All Aboard the DevOps SHIP
TL:DR: More than just a buzzword, DevOps is a culture that can help organisations accelerate their delivery of digital solutions. But for it to work, organisations must understand their own pain points and bottlenecks. Mr Hudson Lee, DevOps Consultant at GovTech, shared his insights on DevOps in a highly-regulated environment at the STACK 2018 Developers Conference.
As technology advances, new vocabulary surrounding novel inventions and processes start to appear. One example of this is the term ‘DevOps’, which had no meaning until 2009, when a pair of IT professionals—Mr Patrick Debois and Mr Andrew ‘Clay’ Shafer—decided that development and operations teams within organisations should not be operating in silos.
The pair went on to start a cultural and professional movement that stresses communication, collaboration and integration between software developers and IT operations managers. They called this new modus operandi—you guessed it—DevOps.
Today, DevOps has been widely adopted by IT departments in both the public and private sectors, and GovTech is no exception, said Mr Hudson Lee, DevOps Consultant at the Government Technology Agency of Singapore (GovTech).
Fewer hurdles, faster progress
But DevOps is no magic bullet. Before it can be effective, organisations first have to identify the pain points in their internal processes that they want to address. To this end, Mr Lee noted that GovTech uses “value stream mapping”—a systematic analysis of existing application development workflows.
“We found that one of the key bottlenecks was policy clearance, which really prolonged deployment times,” he said. Once the problem was identified, solving it was simply a matter of “baking as many policies into the code as possible”. This means that the intent of the policy is reflected in the design of the application, hence the application can be approved and released more quickly.
Mr Lee noted that a unified release pipeline called SHIP (Secure Hybrid Integrated Pipeline) is in the works to crystallise this philosophy of “codifying policy”. Importantly, SHIP is not a one-size-fits-all solution—different public sector agencies can customise it to suit their own objectives.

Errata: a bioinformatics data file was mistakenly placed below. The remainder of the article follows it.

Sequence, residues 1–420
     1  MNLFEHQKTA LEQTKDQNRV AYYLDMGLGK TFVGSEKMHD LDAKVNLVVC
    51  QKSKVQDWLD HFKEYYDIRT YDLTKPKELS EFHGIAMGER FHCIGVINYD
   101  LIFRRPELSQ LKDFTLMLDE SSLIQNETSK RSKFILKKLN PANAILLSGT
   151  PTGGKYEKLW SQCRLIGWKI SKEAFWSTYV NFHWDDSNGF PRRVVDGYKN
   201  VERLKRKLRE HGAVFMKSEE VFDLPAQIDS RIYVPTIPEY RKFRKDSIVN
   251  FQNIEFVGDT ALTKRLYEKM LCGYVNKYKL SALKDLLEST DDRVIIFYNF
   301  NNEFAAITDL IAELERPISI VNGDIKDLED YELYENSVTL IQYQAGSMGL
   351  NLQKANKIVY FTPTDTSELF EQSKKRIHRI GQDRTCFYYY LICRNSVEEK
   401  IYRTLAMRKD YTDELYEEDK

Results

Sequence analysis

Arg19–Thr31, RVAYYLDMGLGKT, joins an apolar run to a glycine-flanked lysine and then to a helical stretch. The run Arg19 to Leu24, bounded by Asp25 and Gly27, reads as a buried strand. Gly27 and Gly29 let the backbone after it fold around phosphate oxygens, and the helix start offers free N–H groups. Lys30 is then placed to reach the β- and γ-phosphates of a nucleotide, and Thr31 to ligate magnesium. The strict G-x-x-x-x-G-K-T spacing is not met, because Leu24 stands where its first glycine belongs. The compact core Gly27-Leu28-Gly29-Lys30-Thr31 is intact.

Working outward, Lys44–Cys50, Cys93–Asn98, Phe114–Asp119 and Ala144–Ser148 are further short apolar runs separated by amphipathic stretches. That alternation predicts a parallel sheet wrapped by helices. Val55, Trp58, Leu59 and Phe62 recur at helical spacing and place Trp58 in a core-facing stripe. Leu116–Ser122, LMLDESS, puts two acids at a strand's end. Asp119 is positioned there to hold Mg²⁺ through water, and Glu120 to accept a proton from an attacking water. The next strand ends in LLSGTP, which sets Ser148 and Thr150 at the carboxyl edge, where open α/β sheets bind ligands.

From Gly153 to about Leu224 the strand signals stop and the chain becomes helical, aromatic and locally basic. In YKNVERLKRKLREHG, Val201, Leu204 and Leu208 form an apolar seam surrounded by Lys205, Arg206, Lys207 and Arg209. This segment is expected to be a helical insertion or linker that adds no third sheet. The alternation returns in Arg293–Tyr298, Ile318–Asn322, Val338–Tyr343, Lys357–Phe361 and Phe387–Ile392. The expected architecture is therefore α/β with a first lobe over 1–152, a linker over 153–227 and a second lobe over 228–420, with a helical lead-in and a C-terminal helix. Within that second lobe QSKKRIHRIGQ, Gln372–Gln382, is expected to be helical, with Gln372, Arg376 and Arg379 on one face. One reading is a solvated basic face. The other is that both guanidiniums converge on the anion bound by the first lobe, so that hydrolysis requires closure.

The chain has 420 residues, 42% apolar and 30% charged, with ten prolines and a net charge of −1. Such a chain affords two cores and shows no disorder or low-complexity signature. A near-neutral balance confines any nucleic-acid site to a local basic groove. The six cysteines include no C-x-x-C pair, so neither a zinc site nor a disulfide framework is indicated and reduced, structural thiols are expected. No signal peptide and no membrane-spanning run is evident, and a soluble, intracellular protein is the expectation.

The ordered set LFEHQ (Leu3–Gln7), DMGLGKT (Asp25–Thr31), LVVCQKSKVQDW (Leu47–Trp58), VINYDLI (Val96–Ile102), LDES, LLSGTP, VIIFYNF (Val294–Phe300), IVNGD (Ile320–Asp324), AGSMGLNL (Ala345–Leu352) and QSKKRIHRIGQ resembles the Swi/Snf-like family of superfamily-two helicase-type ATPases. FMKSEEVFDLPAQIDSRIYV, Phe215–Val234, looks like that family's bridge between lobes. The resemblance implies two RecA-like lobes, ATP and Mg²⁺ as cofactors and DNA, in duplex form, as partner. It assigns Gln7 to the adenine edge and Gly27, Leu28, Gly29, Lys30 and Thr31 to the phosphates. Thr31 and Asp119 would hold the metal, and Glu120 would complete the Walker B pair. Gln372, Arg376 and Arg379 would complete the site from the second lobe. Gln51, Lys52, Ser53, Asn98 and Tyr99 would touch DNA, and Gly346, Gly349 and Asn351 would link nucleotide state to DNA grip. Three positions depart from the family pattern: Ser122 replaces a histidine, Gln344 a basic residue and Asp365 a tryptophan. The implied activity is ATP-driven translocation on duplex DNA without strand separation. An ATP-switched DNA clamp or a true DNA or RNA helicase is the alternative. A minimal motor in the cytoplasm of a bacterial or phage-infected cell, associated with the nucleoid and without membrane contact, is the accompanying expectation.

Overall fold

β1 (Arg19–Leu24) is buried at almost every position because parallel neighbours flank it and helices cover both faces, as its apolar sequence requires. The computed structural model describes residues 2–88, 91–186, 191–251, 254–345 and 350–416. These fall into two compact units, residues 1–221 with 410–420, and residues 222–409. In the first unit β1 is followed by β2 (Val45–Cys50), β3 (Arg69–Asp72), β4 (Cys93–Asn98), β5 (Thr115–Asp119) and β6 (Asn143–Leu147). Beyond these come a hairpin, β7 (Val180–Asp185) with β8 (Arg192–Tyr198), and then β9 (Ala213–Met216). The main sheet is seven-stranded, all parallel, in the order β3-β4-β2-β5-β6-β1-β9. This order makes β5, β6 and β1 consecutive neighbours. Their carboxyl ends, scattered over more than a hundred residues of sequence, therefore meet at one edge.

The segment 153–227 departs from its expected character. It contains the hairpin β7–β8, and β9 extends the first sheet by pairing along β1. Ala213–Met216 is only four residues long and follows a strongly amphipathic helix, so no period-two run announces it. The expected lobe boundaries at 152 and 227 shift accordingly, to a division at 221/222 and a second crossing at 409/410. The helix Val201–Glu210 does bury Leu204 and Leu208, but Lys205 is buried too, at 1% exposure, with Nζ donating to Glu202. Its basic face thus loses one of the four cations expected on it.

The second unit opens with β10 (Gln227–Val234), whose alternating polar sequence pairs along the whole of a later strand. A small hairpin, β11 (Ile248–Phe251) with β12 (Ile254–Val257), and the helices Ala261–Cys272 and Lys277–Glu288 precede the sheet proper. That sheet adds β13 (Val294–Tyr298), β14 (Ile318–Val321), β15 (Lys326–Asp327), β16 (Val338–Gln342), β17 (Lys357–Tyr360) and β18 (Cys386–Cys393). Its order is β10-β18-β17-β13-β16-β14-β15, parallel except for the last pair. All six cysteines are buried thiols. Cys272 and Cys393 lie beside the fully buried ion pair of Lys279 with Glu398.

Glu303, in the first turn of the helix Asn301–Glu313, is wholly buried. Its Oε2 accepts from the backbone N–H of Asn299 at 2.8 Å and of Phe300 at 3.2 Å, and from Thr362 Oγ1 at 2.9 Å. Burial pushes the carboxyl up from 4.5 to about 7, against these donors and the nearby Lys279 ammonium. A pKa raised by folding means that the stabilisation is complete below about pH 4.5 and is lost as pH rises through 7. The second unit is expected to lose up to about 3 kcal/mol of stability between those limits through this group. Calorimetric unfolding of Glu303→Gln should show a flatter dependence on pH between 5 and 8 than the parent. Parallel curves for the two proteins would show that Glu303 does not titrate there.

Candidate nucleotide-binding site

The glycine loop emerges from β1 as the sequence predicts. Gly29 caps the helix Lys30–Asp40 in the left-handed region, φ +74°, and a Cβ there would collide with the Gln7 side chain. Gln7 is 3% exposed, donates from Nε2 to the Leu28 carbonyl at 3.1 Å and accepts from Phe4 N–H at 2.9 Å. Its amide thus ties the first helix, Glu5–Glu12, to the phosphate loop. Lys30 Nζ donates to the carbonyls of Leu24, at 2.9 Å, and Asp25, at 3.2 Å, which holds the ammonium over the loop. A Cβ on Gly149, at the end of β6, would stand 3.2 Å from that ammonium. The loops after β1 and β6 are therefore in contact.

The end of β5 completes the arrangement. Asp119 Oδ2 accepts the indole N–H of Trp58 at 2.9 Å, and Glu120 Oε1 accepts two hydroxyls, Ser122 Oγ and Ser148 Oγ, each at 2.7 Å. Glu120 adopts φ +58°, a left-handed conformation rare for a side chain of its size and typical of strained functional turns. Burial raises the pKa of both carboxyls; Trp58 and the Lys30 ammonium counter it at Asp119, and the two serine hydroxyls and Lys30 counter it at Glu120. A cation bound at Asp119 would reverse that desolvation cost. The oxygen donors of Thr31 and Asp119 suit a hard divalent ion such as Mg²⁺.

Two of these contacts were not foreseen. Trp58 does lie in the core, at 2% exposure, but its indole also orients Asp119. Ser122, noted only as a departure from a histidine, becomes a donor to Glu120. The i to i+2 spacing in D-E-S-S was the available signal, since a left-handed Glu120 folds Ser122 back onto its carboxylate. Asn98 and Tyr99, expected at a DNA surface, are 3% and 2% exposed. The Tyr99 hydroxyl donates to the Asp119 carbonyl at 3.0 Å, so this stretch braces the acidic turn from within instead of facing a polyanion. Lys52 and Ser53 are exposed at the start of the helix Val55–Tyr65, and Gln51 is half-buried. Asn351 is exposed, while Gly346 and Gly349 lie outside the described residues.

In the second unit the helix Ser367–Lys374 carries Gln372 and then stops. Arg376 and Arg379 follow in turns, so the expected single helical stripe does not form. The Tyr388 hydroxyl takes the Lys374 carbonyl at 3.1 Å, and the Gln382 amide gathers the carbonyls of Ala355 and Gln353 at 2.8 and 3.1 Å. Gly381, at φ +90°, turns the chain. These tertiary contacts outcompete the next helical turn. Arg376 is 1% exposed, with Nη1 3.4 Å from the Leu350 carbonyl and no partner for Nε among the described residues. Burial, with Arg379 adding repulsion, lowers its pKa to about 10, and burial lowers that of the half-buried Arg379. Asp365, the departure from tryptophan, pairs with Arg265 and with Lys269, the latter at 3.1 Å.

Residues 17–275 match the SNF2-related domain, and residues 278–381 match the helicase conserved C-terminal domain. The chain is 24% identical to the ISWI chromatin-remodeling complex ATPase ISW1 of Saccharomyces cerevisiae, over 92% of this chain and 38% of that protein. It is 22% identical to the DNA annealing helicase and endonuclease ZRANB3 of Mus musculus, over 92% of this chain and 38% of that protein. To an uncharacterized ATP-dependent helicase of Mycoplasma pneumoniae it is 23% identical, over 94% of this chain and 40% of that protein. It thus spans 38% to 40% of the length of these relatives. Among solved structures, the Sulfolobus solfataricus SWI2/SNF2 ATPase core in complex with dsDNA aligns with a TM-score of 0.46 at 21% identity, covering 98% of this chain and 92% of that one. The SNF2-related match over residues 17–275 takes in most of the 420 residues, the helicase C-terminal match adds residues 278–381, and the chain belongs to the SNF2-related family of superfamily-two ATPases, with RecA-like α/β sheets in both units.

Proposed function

“If an agency has tighter policies, they can still add it to the code. But fundamentally, we have already built in the basic checkpoints that have been dictated by the government,” Mr Lee elaborated.
Steering the SHIP towards success
Nonetheless, the ship is not yet ready to set sail, said Mr Lee. In a climate of brazen and frequent cyberattacks, the ‘secure’ aspect of SHIP is being beefed up to better protect applications against malicious tampering. Hence, in addition to the developer and operations teams, cybersecurity professionals must also get involved. Just when the term ‘DevOps’ is gaining traction, a new word has emerged to describe this tripartite IT unit—‘DevSecOps’.
Another problem that Mr Lee foresees is SHIP’s compatibility. “For example, at Microsoft, you can have just one pipeline that supports [software development on Microsoft’s platform]. This is different from the government environment, where we need our pipeline to support other frameworks such as Java, Macintosh and so on,” Lee said.
This is where taking a consultative approach with multiple stakeholders helps. By speaking to the potential end users of SHIP and gathering their feedback on how to improve the system, Mr Lee’s team can ensure that the pipeline will eventually be relevant across a wide swathe of government.
“At the end of the day, what we want is to enable software products to be delivered faster, more frequently and more reliably,” he concluded.